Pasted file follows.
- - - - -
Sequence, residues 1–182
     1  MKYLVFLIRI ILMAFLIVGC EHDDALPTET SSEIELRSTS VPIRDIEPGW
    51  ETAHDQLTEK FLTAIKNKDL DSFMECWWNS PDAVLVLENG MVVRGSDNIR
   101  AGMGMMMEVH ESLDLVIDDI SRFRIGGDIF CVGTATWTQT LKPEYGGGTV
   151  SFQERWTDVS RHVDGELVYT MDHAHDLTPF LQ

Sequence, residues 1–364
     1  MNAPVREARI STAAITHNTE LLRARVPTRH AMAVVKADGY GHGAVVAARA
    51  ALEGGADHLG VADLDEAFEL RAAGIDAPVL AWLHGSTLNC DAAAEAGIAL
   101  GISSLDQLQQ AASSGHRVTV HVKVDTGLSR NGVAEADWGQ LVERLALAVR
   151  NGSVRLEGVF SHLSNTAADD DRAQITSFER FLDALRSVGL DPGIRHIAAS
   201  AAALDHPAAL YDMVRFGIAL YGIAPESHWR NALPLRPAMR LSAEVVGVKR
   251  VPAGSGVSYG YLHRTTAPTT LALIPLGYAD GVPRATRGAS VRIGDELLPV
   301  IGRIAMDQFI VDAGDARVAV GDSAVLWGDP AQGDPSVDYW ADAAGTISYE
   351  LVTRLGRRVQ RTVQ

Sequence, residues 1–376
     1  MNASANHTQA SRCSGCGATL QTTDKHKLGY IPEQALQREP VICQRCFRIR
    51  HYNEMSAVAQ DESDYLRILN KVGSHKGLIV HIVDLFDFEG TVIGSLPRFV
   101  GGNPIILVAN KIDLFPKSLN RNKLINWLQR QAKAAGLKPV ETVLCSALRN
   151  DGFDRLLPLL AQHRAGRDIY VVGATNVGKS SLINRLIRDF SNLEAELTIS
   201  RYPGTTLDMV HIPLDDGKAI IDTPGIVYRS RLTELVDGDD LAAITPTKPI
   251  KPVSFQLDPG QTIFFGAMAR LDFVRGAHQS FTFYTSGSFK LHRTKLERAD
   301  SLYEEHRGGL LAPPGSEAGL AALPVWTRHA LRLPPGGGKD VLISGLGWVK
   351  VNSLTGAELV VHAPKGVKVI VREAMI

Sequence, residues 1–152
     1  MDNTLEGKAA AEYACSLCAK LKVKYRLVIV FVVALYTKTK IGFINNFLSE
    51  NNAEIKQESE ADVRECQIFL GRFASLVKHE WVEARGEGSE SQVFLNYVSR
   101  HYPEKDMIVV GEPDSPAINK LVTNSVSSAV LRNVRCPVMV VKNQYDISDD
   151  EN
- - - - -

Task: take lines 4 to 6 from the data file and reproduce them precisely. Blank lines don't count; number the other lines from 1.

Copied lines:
   101  AGMGMMMEVH ESLDLVIDDI SRFRIGGDIF CVGTATWTQT LKPEYGGGTV
   151  SFQERWTDVS RHVDGELVYT MDHAHDLTPF LQ

Sequence, residues 1–364